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Poplar-loosestrife aphidsOn this page: Mordwilkoja vagabunda
Mordwilkoja has undeveloped antennal tubercles. Antennal segment II is about 1.4 times longer than segment I (cf. Pemphigus, which has segment II approximately the same length as segment I). Secondary rhinaria are annular. The antennal terminal process is longer than the base of antennal segment VI in the spring migrant, and 2-3 times the base in sexuparae. The terminal process in the spring migrant has characteristic clear spots of unknown function. The apical rostral segment is 3 times as long as its width at base. The forewing media vein is unbranched, and the hindwing has two cross veins with the bases joined or nearly joined. The siphunculi are absent or obscure, and the cauda is round.
There is only species of Mordwilkoja, which lives in North America. It galls its primary host, poplar (Populus) and host alternates to loosestrife (Lysimachia). Blackman in Aphids on Worlds Plants. notes that its secondary host generations are very similar to those of some Thecabius species (subgenus Parathecabius).
Mordwilkoja vagabunda (Poplar vagabond aphid) USA, Canada, Germany?, Japan?
Galls caused by Mordwilkoja vagabunda are large, irregular, bladder-like growths formed from stipules at the bases of terminal twigs of cottonwood poplars. Young galls are green, but as they mature they develop small, red, blister-like elevations on the peripheral ridges (see first picture below). These later become necrotic and form openings into the gall interior. These holes, whose development coincides closely with the development of alate aphids, allow these migrants to escape the galls. Old galls turn black, and as such are very conspicuous.
The first-instar fundatrix of Mordwilkoja vagabunda feeds on the ventral surface of a stipule, causing the tip and margins to grow outwards from the stem, thus creating the gall. The fundatrix in the gall has 4-5 segmented antennae, and wax plates on the thorax and abdomen. The offspring of the fundatrix (= fundatrigeniae) are yellow-gray and thickly wax-covered, and develop to emigrant alatae which fly to a secondary host. The fourth instar fundatrigeniae (see second picture below) have wing pads the same color as the thorax, but dark at the base.
First image William M. Ciesla, Bugwood.org under a creative common licence,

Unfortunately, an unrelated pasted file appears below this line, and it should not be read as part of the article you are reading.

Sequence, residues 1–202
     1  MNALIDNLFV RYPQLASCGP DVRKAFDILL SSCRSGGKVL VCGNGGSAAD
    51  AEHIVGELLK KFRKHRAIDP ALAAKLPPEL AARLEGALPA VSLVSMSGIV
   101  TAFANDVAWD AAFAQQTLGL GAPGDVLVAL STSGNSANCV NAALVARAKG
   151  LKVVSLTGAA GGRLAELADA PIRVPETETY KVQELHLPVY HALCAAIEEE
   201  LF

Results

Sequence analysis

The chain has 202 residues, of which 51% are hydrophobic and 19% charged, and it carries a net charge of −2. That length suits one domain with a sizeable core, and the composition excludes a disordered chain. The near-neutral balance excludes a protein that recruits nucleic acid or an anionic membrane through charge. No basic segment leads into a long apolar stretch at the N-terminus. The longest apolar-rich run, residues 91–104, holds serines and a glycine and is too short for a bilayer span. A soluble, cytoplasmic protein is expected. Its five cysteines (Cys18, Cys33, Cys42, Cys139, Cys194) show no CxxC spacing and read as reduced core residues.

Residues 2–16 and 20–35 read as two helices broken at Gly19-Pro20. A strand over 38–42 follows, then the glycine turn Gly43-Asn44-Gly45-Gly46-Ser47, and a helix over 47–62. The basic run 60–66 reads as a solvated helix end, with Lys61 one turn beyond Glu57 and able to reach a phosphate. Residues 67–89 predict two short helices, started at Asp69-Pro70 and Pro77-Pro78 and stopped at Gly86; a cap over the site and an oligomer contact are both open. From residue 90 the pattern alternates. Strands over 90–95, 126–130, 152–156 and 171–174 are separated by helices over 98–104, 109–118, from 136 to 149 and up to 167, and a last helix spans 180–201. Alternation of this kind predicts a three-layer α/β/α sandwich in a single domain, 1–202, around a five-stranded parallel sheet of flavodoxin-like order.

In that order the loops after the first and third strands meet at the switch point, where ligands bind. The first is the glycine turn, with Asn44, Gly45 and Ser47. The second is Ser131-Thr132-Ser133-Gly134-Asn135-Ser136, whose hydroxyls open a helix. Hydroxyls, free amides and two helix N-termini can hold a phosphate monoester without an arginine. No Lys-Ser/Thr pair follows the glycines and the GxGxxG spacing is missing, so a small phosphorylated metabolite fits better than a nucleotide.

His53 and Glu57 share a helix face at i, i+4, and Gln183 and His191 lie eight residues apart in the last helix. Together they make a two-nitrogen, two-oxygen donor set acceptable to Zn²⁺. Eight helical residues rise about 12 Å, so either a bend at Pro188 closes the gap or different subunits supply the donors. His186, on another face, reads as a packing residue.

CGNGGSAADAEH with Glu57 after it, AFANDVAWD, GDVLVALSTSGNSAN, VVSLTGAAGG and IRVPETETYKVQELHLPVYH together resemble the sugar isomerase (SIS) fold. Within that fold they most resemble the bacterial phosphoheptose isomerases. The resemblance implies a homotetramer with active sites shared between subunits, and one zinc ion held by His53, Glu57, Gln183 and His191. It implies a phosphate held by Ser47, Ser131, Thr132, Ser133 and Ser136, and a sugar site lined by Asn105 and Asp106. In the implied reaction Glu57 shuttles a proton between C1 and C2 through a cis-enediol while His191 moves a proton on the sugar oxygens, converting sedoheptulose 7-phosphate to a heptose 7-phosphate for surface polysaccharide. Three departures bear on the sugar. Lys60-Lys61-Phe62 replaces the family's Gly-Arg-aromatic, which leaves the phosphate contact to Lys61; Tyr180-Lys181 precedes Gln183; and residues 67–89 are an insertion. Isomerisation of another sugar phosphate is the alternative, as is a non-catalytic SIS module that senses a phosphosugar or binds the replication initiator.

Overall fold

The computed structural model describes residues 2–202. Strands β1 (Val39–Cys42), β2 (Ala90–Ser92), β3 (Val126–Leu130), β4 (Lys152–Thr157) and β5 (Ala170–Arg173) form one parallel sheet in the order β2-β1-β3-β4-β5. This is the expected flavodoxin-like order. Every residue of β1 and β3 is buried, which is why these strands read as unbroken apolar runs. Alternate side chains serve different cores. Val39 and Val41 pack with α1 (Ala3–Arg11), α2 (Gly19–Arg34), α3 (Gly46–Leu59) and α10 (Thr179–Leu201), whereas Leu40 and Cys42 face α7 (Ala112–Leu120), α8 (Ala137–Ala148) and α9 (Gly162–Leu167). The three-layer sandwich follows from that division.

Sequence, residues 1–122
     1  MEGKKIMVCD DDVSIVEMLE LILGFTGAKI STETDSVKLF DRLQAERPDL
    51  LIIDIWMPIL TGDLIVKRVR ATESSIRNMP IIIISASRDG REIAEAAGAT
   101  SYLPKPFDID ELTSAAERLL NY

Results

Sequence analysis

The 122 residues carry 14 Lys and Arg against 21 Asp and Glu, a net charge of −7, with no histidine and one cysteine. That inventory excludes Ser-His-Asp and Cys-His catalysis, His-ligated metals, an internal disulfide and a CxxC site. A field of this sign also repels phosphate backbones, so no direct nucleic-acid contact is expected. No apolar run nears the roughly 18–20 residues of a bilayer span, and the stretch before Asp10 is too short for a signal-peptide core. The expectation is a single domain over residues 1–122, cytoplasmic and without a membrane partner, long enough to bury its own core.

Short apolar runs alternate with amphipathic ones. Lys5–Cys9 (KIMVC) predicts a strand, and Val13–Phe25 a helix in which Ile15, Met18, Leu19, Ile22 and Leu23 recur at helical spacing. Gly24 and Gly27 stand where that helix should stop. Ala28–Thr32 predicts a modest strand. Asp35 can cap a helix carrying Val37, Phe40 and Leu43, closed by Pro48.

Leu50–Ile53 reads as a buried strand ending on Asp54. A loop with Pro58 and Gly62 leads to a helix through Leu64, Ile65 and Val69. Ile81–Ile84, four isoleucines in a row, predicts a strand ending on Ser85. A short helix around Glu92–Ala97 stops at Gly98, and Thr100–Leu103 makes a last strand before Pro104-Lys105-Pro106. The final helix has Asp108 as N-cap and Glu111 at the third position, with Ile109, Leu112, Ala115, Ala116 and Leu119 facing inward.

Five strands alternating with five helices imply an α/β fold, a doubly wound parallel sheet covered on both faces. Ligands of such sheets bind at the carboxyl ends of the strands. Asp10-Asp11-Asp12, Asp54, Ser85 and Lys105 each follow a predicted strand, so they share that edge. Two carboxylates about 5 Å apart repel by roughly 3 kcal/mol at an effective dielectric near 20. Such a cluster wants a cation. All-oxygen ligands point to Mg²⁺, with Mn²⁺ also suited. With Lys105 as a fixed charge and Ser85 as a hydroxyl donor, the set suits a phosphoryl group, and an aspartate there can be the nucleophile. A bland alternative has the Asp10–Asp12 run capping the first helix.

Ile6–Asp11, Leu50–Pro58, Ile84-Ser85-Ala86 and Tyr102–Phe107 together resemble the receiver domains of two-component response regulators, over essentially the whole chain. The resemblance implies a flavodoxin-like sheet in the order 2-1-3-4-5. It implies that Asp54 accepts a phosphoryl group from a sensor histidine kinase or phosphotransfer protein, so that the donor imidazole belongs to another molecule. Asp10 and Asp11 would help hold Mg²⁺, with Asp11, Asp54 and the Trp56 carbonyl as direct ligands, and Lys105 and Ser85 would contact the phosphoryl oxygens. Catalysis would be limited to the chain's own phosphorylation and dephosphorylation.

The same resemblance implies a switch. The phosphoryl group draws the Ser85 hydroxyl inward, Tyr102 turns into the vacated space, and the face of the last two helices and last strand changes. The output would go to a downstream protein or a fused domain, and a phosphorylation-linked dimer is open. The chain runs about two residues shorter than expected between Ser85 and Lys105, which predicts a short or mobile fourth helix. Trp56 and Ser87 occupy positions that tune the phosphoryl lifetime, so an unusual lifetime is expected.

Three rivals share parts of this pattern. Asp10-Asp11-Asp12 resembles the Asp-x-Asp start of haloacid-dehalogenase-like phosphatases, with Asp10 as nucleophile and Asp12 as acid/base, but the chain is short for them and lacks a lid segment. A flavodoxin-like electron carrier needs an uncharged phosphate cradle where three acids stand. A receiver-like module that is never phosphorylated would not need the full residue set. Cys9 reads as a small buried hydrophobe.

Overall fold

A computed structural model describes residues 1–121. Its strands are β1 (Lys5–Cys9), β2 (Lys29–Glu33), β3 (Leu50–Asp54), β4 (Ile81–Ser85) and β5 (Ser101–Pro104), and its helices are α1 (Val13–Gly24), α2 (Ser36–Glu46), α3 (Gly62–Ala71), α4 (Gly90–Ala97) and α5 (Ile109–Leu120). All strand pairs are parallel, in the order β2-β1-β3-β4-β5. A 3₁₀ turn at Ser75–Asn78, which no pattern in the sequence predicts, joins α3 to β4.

The alate emigrant (see third picture above) has the head and thorax brown, and the abdomen green. Their appendages are dusky. The antennae are 6-segmented, with 8-12 elliptical secondary rhinaria on antennal segment III, and 1-3 on segment IV. The terminal process is distinctly longer than the base of antennal segment VI, and bears 2-3 clear spots of unknown function, each with a small dagger-like stipule. The rostrum reaches to between the first and second pairs of coxae. The media vein of the fore wing is simple. The siphunculi are hardly more than mere rings which are often difficult to observe. Wax glands are distributed one pair on each of the prothorax & mesothorax, and two pairs, lateral and dorsal, on each abdominal segment. The cauda and anal plate are rounded. The body length of the alate Mordwilkoja vagabunda emigrant is 1.8-2.4 mm.
Mordwilkoja vagabunda apterae on the secondary host, Lysimachia have 6-segmented antennae. Antennal segment III is as long as, or longer than, segments IV+V together (cf. Thecabius lysimachiae & Thecabius auriculae on Lysimachia which, if antennae are 6-segmented, have segment III distinctly shorter than segments IV+V together). There are wax plates on the abdomen. Siphunculi are absent. Alate sexuparae differ from the emigrant alatae by having the terminal process shorter than the base of antennal segment VI, and by lacking siphunculi.
Mordwilkoja vagabunda host alternates between cottonwood (mainly Populus deltoides) and creeping jenny (Lysimachia spp.). On the primary host they induce large, irregular, multi-lobed galls, formed from the leaf stipules. Emigrant alatae emerge from galls in May-June and found colonies on stems, leaves or roots of creeping jenny (Lysimachia). Mordwilkoja vagabunda is found as a host alternating species in USA and Canada but, what appear to be anholocyclic secondary host generations, have also been found on Lysimachia roots in Germany and Japan.